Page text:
Linear programming is one of the main Operations Research techniques (Hillier and Lieberman, 2014). The mathematical model usually consists of linear equations and/or inequalities. There is a linear objective function that is optimized (maximized or minimized) which is subject to a set of constraints. Generically, a linear programming model applied to farm planning is represented by:

maximize z = c' x

subject to Axb; x0,

in which z represents farm profit; c is the net profit row vector for each activity; x is the column vector of the quantities of each candidate activity; A is the technical coefficient matrix; and b, the column vector of resources (inputs) available on the farm. The technique allows the definition of x variables to ensure maximum z value, observing all constraints. The specific model used in this paper is shown at the end of the Material and Methods section.

To estimate the effects of economies of scope obtained by crop-livestock integration, the mathematical model was applied to a representative database of a commercial farm ("Sítio do Cedro"). The farm is located in the municipality of Carmo do Paranaíba, Minas Gerais State, Brazil (19º03.815'S, 46º12.548'W). A team of trained researchers collected field data between 2009 and 2010.

The farm comprises 62.5 ha for crops, 22.1 of which are irrigated by a sprinkler system already installed; another 32 ha are arable and can be used for non-irrigated crops. The remaining 8.4 ha are cultivated with tifton pasture in which there are paddocks for young animals. The farm also includes facilities such as stables and roads, as well as a legal forest reserve and permanent preservation.

The main farm activity is raw milk production from purebred Holstein cows. Other products include culled and young animals, corn, and soybeans. The basic animal nutrition is the "complete diet", which consists of forage and concentrate supplied together in the manger. The farm also provides grazing paddocks to allow animals more space and comfort. The milking facility has a capacity of 154 dairy cows.

The main purpose of the model is to define the amount of each candidate production activity that can optimize the system as a whole, maximizing the sum of the monthly operational profit in the planning period considered. Operating profit refers to the difference between the total revenue of the farm and the sum of all variable and fixed costs, except for return on capital, the owner's wages, and land opportunity.

For crops, the physical unit of variables is the hectare (land area of 10,000 m2). For livestock, the physical unit is the animal itself (the individual). For both crops and number of animals, variables are considered continuous, so that model processing and economic gain estimate are not compromised.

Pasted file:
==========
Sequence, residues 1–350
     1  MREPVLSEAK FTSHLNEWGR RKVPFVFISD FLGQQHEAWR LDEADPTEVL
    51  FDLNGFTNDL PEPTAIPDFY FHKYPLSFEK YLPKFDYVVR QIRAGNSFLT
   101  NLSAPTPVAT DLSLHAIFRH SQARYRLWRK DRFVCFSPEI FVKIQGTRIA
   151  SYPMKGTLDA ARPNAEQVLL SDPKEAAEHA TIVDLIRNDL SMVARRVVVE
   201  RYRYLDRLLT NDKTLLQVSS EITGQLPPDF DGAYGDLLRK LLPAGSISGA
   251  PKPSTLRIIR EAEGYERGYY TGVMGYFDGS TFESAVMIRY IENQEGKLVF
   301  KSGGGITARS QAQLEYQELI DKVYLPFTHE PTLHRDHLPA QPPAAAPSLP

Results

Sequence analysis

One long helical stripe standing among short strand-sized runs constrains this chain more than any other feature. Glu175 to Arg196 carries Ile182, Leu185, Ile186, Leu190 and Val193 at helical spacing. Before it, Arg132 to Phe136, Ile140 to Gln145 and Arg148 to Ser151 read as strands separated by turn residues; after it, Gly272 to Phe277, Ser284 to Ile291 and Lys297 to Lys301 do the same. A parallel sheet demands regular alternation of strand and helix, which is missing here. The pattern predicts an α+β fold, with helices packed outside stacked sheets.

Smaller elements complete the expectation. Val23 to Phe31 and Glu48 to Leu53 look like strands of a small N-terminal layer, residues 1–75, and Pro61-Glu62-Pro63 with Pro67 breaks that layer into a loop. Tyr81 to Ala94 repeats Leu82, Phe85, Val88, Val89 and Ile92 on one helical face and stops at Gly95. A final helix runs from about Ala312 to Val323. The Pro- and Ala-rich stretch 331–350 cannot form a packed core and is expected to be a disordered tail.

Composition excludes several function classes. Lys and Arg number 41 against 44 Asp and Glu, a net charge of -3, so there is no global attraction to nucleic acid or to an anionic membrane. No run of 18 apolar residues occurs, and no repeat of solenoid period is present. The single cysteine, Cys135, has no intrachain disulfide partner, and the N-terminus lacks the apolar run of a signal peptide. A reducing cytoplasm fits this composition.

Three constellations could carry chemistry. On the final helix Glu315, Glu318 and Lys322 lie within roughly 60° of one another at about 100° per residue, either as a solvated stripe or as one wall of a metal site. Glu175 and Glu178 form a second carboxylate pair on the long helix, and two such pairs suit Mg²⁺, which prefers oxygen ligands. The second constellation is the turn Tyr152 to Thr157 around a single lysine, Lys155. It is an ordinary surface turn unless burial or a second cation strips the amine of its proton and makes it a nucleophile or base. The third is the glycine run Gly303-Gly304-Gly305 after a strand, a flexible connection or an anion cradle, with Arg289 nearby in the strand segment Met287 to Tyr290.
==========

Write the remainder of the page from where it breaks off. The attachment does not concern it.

The most usual crops on the farm are: alfalfa (Medicago sativa L.) for silage; sugar cane (Saccharum officinarum L.) for natural forage (chopped cane) and silage; summer (dry) and winter (irrigated) maize (Zea mays L.) for both silage and grain; sorghum (Sorghum bicolor L. Moench) for silage; tifton grass (Cynodon spp.) for grazing and silage; and soybeans (Glycine max L.) for grain. The animals are classified into categories according to age, sex, and productive status (reposition, marketing, and culling).

The month is used as a reference unit, and a total period of 60 months (5 years) is proposed. The use of the month as a time unit is justified by the possibility of allocating activities over time more accurately, especially with respect to crop cycles. Another reason is the possibility of representing some financial expenses and acquisitions that are held monthly, as the payroll of employees and the purchase of inputs. In addition, the model uses specific historical monthly average prices which show some significant production differences throughout the year, especially production seasonality-associated factors. Both input and product marketing candidates have seasonal prices; therefore, this difference may influence purchase decision at specific times.

The animals are fed either farm or market inputs, depending on availability and cost. Animal diet consists of: farm products only, namely alfalfa silage, sugar cane silage, sorghum silage, tifton silage, and pasture; either farm-produced or market-acquired foods such as corn silage, corn grain, soybeans, and soybean meal; and strictly market-purchased foods, like cotton seed, citrus pulp, and minerals. Animal nutritional requirements must be met in five categories: dry matter intake, crude protein, metabolizable energy, water, and minerals.

Three types of nutrients - nitrogen (N), phosphorus (P), and potassium (K) - are used as crop fertilizer. These nutrients are obtained either from commercial fertilizers (urea, superphosphate, and potassium chloride) or animal waste produced on the farm, which may be natural (solid manure) or processed by a digester (liquid manure).